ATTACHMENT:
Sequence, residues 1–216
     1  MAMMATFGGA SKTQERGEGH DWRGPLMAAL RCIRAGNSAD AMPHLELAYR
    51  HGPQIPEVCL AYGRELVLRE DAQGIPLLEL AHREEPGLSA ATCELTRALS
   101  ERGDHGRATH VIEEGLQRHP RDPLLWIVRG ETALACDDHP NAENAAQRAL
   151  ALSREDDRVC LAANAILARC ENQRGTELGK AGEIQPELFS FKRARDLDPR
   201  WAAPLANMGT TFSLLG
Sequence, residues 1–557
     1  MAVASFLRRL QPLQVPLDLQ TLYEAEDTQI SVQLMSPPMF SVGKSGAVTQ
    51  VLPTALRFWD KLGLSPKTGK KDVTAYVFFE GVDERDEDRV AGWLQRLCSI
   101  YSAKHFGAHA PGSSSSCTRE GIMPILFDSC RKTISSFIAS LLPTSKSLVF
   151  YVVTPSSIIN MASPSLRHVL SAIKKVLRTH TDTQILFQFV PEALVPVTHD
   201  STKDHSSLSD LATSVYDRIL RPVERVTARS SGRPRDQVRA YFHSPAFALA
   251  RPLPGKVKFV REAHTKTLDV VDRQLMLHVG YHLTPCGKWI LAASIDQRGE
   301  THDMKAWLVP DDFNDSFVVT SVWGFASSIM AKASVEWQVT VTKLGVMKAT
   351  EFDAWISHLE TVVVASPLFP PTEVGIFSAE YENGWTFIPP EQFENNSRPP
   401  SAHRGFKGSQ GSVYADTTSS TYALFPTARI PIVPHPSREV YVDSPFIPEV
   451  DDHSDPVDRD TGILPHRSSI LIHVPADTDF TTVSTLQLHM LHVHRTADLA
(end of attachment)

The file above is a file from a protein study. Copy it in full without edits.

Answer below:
Sequence, residues 1–216
     1  MAMMATFGGA SKTQERGEGH DWRGPLMAAL RCIRAGNSAD AMPHLELAYR
    51  HGPQIPEVCL AYGRELVLRE DAQGIPLLEL AHREEPGLSA ATCELTRALS
   101  ERGDHGRATH VIEEGLQRHP RDPLLWIVRG ETALACDDHP NAENAAQRAL
   151  ALSREDDRVC LAANAILARC ENQRGTELGK AGEIQPELFS FKRARDLDPR
   201  WAAPLANMGT TFSLLG
Sequence, residues 1–557
     1  MAVASFLRRL QPLQVPLDLQ TLYEAEDTQI SVQLMSPPMF SVGKSGAVTQ
    51  VLPTALRFWD KLGLSPKTGK KDVTAYVFFE GVDERDEDRV AGWLQRLCSI
   101  YSAKHFGAHA PGSSSSCTRE GIMPILFDSC RKTISSFIAS LLPTSKSLVF
   151  YVVTPSSIIN MASPSLRHVL SAIKKVLRTH TDTQILFQFV PEALVPVTHD
   201  STKDHSSLSD LATSVYDRIL RPVERVTARS SGRPRDQVRA YFHSPAFALA
   251  RPLPGKVKFV REAHTKTLDV VDRQLMLHVG YHLTPCGKWI LAASIDQRGE
   301  THDMKAWLVP DDFNDSFVVT SVWGFASSIM AKASVEWQVT VTKLGVMKAT
   351  EFDAWISHLE TVVVASPLFP PTEVGIFSAE YENGWTFIPP EQFENNSRPP
   401  SAHRGFKGSQ GSVYADTTSS TYALFPTARI PIVPHPSREV YVDSPFIPEV
   451  DDHSDPVDRD TGILPHRSSI LIHVPADTDF TTVSTLQLHM LHVHRTADLA